Futuristic tweets by @vakibs
The fundamental problem with our computing culture is that we glorify the practice of hiding computational resources from users. Google wants you to believe that you have infinite storage and computation for search. Of course, it’s nonsense. But it’s a strongly crafted illusion.
This pretense about infinite computational power to relatively dumb users is maintained by Moore’s law. But what a waste it was!
We destroyed the fundamental basis of computer science, which is all about optimizing resources. And made users into idiots, computationally speaking.
The stupidity of hiding computational resources is continuing well into the AI age. In fact, it got far more stupider. It is very easy to be a dumb idiot these days, even if you are a programmer.
"We are embedding some very old and disparaging notions about human beings and their place in the natural order into our future technological infrastructure. Engineers at leading tech firms and universities tend to see human beings as the problem and technology as the solution."
If we see the researcher ecosystem as an organism, it's as if this organism pays all attention to the sympathetic nervous system (triggered by novelty, surprise, fear etc) and no attention at all to the parasympathetic nervous system (responsible for homeostasis, growth, health).
The reason why computer science is in this ridiculous situation is a self-afflicted misery. Other scientific disciplines don't behave like this. Physicists are able to come together and build large projects that address serious long-term challenges. Why not CS and AI people?
It is a sad judgement on the field when the only large AI projects are within the confines of private corporations, or in the secret service departments of governments. The source-code from researchers is fragmented, although they have a high motivation to collaborate and share.
We should completely redesign the idea of a scientific conference. They are all becoming giant Jamborees, producing a ton of trash, and their contribution for scientific culture and connectivity is getting more and more questionable.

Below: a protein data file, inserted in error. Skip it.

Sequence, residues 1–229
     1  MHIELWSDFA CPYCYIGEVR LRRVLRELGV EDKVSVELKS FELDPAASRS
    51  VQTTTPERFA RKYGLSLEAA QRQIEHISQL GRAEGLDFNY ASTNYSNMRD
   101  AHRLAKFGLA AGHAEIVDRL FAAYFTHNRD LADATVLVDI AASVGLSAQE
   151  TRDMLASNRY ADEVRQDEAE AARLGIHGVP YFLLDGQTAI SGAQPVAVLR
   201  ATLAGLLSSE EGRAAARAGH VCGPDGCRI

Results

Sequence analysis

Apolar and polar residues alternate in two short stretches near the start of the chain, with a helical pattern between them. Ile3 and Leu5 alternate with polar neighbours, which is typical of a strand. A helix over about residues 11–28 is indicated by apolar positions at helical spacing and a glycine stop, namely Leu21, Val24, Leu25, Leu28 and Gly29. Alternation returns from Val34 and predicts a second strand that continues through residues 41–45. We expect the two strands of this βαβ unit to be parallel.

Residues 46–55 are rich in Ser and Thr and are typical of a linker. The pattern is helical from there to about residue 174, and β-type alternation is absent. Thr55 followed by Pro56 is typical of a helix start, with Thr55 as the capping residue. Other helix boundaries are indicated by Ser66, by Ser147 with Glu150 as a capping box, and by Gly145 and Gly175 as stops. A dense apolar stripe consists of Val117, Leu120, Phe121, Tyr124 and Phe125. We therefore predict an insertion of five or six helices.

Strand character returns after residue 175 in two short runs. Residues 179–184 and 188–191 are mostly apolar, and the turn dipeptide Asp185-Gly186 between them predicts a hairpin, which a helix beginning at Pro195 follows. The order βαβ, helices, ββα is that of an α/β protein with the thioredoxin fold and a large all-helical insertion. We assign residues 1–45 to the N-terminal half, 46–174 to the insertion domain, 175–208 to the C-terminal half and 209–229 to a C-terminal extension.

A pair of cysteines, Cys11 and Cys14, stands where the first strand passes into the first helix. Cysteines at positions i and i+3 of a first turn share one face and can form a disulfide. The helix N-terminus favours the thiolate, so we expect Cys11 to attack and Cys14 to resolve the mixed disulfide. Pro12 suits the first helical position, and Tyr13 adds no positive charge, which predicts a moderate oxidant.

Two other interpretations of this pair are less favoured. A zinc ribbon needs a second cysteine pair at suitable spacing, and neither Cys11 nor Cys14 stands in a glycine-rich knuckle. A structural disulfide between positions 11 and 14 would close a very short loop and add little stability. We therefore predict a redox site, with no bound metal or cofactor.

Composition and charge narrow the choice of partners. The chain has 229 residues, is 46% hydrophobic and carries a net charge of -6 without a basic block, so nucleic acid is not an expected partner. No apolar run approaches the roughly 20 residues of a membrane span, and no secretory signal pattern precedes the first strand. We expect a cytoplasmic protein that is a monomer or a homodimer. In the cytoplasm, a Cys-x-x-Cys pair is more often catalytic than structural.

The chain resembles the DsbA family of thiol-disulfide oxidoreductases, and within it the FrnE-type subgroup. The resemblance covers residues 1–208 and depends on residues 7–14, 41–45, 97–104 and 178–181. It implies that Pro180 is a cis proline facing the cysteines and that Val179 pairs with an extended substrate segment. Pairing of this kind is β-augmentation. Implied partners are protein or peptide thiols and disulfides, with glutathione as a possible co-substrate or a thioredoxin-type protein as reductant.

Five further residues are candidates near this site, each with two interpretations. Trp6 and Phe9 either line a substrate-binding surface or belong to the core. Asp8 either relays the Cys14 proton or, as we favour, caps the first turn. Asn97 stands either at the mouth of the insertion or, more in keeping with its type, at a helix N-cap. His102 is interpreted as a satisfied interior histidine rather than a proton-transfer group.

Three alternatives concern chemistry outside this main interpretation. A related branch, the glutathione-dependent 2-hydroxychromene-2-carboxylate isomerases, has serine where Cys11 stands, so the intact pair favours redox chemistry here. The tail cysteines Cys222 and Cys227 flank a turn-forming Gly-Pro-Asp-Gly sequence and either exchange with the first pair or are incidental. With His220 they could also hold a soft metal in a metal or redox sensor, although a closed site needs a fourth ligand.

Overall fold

Instead of conferences whose ephemeral existence is erased and forgotten in less than a year, I think we should promote scientific pilgrimages. That allows a steady deposition of scientific culture at a geographical place. This promotes “presence” - sense of really being there.
In fact, the model of a pilgrimage is how scientific culture was nurtured for the most of our history. Definitely in India for millennia, until the pilgrimage routes were disrupted in the Middle Ages. This was also the model for Europe, especially in the renaissance era.
We still have relics of this practice. A postdoc will spend some time in a foreign country to imbibe the scientific culture there, and contribute to that. My guess is that most scientific output is sited through such visits. It’s a pity we don’t do that for senior researchers.
In the current era of instantaneous communication and almost infinite archival of knowledge, the journeys in a scientific pilgrimage can be chronicled and shared for the wider audience. Physical presence needs to be used to maximize cognitive presence. That is what is needed!
When a senior researcher takes time off during a sabbatical year, the utility of that time can be maximized by adhering to a specific pilgrimage route. When multiple researchers do that, the likelihood that they will meet each other and inspire each other will increase.
The only sensible comparison with this Data=Oil model is that if we don't take adequate care against such a development, capitalist exploitation of both data and oil will lead to shitty monopolies that will threaten democracy.